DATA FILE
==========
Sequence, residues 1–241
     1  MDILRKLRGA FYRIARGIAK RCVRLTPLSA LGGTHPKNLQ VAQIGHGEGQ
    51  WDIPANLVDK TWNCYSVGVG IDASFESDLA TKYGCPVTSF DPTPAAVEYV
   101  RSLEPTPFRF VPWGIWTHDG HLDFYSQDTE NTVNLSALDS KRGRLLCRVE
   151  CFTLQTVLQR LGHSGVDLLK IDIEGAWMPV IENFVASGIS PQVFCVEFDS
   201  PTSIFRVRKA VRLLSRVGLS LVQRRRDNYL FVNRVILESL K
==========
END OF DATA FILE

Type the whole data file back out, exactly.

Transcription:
Sequence, residues 1–241
     1  MDILRKLRGA FYRIARGIAK RCVRLTPLSA LGGTHPKNLQ VAQIGHGEGQ
    51  WDIPANLVDK TWNCYSVGVG IDASFESDLA TKYGCPVTSF DPTPAAVEYV
   101  RSLEPTPFRF VPWGIWTHDG HLDFYSQDTE NTVNLSALDS KRGRLLCRVE
   151  CFTLQTVLQR LGHSGVDLLK IDIEGAWMPV IENFVASGIS PQVFCVEFDS
   201  PTSIFRVRKA VRLLSRVGLS LVQRRRDNYL FVNRVILESL K